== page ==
K’atlodeeche First Nation (KFN) has expressed its concerns over the recent signing of a self-government framework agreement by the Northwest Territory Metis Nation (NWTMN) and the federal and territorial governments.

In a May 20 notice to members from chief and council, KFN stated that it has made it clear to Canada and the GNWT for the past eight years that it will challenge any final agreement between those governments and the NWTMN that includes or affects Katl’odeeche Got’i Ndee, the KFN’s primary traditional territory.

The notice to members stated that, in a letter early last year to Canada and the GNWT, KFN said that a self-government framework agreement as it applies to KFN traditional territory would be an infringement on its Aboriginal and treaty rights.

“In that same letter, KFN asked the following question: ‘Based on what evidence have Canada and the GNWT concluded that the Metis ancestors of the NWTMN used, occupied and practiced self-government within Katl’odeeche Got’i Ndee prior to the assertion of Canada’s sovereignty (as did KFN’s ancestors) such that they have acquired use, occupancy and now self-government rights within this territory?’” the notice to members stated. “To date, no credible evidence of historic use and occupancy within Katl’odeeche Got’i Ndee has been provided to KFN by the NWTMN or by Canada and the GNWT.”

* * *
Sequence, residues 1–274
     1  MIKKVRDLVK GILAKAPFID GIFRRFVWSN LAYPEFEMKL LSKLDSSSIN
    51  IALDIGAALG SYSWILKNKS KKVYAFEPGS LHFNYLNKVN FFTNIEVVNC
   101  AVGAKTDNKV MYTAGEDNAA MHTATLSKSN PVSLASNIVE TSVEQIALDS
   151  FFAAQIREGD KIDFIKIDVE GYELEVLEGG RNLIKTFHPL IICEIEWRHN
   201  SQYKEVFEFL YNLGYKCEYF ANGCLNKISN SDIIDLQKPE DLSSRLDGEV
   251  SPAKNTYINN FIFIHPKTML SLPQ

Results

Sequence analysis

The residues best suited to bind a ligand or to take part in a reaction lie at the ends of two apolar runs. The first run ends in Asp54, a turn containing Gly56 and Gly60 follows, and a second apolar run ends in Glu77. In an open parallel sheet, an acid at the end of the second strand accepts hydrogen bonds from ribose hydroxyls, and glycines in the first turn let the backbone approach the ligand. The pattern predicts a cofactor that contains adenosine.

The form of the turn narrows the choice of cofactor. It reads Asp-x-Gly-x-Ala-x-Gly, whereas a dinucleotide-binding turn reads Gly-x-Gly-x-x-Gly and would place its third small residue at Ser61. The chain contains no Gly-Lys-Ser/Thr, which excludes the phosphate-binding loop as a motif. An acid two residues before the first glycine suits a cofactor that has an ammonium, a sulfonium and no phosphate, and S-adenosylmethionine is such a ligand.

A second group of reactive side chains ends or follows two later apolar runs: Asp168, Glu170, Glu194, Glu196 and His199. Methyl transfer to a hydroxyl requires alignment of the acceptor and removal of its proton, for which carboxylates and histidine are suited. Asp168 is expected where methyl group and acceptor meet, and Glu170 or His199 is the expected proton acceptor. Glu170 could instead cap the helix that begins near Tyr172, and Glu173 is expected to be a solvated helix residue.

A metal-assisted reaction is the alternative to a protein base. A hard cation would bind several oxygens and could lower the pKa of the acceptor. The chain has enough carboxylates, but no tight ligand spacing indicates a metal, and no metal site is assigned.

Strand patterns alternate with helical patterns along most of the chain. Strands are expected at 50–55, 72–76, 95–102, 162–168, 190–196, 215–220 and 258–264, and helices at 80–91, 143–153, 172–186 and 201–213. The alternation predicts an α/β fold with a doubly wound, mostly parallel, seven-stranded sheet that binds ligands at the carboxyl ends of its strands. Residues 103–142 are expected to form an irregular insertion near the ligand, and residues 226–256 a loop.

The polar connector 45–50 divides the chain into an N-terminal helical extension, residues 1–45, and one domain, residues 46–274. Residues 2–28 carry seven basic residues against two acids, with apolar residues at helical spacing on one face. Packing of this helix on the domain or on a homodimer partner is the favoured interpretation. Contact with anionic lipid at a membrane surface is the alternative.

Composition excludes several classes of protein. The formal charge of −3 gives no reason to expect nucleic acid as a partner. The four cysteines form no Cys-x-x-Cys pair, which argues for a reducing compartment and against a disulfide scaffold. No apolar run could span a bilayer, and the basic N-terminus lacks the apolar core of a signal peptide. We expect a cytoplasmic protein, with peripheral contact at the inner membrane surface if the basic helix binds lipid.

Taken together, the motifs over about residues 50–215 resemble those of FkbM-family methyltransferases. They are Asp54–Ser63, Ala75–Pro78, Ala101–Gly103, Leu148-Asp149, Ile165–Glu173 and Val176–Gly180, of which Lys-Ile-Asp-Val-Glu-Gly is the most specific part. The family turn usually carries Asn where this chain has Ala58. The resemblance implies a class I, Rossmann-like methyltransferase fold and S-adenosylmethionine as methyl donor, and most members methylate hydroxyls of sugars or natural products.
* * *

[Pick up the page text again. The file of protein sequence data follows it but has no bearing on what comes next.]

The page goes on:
KFN added that it has consistently insisted that the only way to avoid a “significant infringement” on its rights and titles within Katl’odeeche Got’i Ndee is to move the NWTMN agreement area boundary to the east of its traditional territory.

Chief April Martel did not respond to repeated requests for comment before press deadline.


The framework agreement on self-government was signed on May 19 by the Northwest Territory Metis Nation and the federal and territorial governments.

It is designed to guide negotiations toward a final agreement as part of the Northwest Territory Metis Nation land claim negotiations process. It outlines the process for self-government negotiations, including governance of the Northwest Territory Metis Nation entities, legal status and capacity of Metis governments, administration of lands, Metis government finances, law-making authority, implementation plans, and elections for Metis government.

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